NEW YORK TIMES BESTSELLER • Kevin Hearne creates the ultimate Atticus O’Sullivan adventure in the grand finale of the New York Times bestselling Iron Druid Chronicles: an epic battle royale against the Norse gods of Asgard.
Unchained from fate, the Norse gods Loki and Hel are ready to unleash Ragnarok, a.k.a. the Apocalypse, upon the earth. They’ve made allies on the darker side of many pantheons, and there’s a globe-spanning battle brewing that ancient Druid Atticus O’Sullivan will be hard-pressed to survive, much less win.
Granuaile MacTiernan must join immortals Sun Wukong and Erlang Shen in a fight against the Yama Kings in Taiwan, but she discovers that the stakes are much higher than she thought.
Meanwhile, Archdruid Owen Kennedy must put out both literal and metaphorical fires from Bavaria to Peru to keep the world safe for his apprentices and the future of Druidry.
And Atticus recruits the aid of a tyromancer, an Indian witch, and a trickster god in hopes that they’ll give him just enough leverage to both save Gaia and see another sunrise. There is a hound named Oberon who deserves a snack, after all.
Praise for Scourged
“[Kevin] Hearne draws his Iron Druid Chronicles to a pitch-perfect close in this dizzy, world-hopping adventure. But amidst the battles and bargaining that goes into saving the world, there is also an enormous amount of heart.”—RT Book Reviews
One of the best Urban fantasy series there is!
I absolutely loved this series, the author did a lot of research on irish as well as many other myths, believes and folklore. The only reason I’m at all disappointed is that my favorite series is over... thanks for some kickin’ books Mr. Hearne
Bad last book and too political
This is a sad end to otherwise good series. Rushed battles with long diatribes and lots of politically charged preaching. As his newer works are liberal propaganda and you get the sense that it really started to ramp up in this book. Luke Daniels is an amazing narrator but I’ll never read or listen to anything Kevin Hearne ever produces again. I read fantasy to escape, not to be preached at with a political agenda.
This book was unfortunately not what the characters deserved. Some events, like the destruction of the world serpent (and accompanying character death) are so rushed that you won’t be quite sure that they really happened. Compiling that issue, the characters are written in a way that does not reflect the development they’ve made so far. Whereas around the halfway point of the series, the relationship between Granuaile and Atticus was well written, with an equal balance of trust, care, love, and independence, it’s thrown out the window in the later part of the series. Intentional or not, Granuaile begins being written like an intense anti-patriarchy social warrior, which is a huge exaggeration of her character traits. While it’s clear that Atticus cares for her, even though they receive almost no interaction together during the last few books, it seems as though Granuaile never really feels much for Atticus all of a sudden. The book tells you that yes they love each other, but you are never shown that. Granuaile even mentions in a short story that she’s considering sleeping with some guy she meets in Poland, since Atticus and her relationship wasn’t mutually exclusive. Not only is that sudden, it’s fairly scummy, and I don’t get the sense from the way Atticus is written that he’s even thinking about sleeping with other girls. It’s sad that an excellent relationship that could make one smile due to its genuine nature suddenly vanished as the characters became strangers.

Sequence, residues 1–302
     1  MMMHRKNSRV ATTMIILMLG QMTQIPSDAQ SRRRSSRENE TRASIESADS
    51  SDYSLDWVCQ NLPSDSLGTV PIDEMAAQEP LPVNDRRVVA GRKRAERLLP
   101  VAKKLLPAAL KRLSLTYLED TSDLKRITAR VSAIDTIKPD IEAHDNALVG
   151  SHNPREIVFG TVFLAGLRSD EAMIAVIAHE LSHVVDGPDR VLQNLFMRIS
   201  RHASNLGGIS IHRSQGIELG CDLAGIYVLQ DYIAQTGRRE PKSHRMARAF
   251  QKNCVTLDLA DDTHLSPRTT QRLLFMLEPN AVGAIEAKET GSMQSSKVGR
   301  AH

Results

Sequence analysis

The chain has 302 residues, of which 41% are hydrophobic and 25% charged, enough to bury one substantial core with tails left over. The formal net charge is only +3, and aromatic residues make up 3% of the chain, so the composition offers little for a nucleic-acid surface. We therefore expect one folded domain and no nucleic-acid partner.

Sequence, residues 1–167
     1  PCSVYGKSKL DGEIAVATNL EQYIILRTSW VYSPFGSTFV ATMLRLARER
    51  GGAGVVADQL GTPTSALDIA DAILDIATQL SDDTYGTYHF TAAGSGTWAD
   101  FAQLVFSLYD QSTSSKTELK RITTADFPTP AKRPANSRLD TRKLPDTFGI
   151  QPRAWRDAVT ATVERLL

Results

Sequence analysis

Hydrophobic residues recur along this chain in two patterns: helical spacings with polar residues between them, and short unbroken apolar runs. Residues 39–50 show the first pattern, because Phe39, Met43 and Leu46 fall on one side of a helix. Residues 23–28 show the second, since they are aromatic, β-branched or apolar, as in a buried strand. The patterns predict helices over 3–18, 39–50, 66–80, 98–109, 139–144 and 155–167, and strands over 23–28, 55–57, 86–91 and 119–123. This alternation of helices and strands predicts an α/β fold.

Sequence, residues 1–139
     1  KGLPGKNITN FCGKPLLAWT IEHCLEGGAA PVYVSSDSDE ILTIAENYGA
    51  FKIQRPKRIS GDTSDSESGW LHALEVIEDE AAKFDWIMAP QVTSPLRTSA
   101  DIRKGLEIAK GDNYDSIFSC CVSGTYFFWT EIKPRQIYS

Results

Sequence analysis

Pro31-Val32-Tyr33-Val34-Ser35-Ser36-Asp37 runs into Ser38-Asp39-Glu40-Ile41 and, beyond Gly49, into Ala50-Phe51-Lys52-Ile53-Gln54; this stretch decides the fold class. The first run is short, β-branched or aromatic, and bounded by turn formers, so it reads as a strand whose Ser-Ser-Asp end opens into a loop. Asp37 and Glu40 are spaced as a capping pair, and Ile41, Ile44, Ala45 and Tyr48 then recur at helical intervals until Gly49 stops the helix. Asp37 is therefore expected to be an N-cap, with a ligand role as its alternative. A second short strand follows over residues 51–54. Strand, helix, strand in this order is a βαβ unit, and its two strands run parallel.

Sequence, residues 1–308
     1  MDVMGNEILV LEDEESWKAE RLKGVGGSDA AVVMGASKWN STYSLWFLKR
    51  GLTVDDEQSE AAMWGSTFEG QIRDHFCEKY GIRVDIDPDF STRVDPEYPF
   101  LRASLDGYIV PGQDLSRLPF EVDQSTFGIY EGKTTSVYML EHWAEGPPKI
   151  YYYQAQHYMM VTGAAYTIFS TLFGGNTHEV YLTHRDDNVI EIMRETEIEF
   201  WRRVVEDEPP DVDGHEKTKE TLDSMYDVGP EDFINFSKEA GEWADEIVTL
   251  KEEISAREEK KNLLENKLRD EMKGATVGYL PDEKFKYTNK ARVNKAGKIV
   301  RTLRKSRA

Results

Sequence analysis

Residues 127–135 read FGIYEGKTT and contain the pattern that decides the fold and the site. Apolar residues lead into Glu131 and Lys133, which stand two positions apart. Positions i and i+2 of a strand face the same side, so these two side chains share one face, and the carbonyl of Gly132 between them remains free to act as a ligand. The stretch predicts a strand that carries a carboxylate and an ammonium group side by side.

Compounding this issue is that Granuaile was given a useless role for most of the book. As with the other recent ones, the three protagonist’s stories mostly took place completely apart. Granuaile’s only purpose it seems was to be somewhere else in order to give a poor reason to break off the relationship between her and Atticus suddenly, thereby making him more miserable.
The ending itself was fairly bad. Atticus loses his right arm, his connection to much of the earth’s abilities, thereby losing those as well. It’s a lame and unneeded consequence that feels ripped straight from Full Metal Alchemist. It’s also hinted that he’ll find a way to get his arm healed, but we don’t know for sure, so what was the bloody point? A shoehorned suggested romance between Atticus and the Morrigan is suggested.
Overall I would’ve given the book a 7/10, but the ending and butchering of the characters and their relationships with each other was horrible, bringing one of the most disappointing endings ever to my favorite series.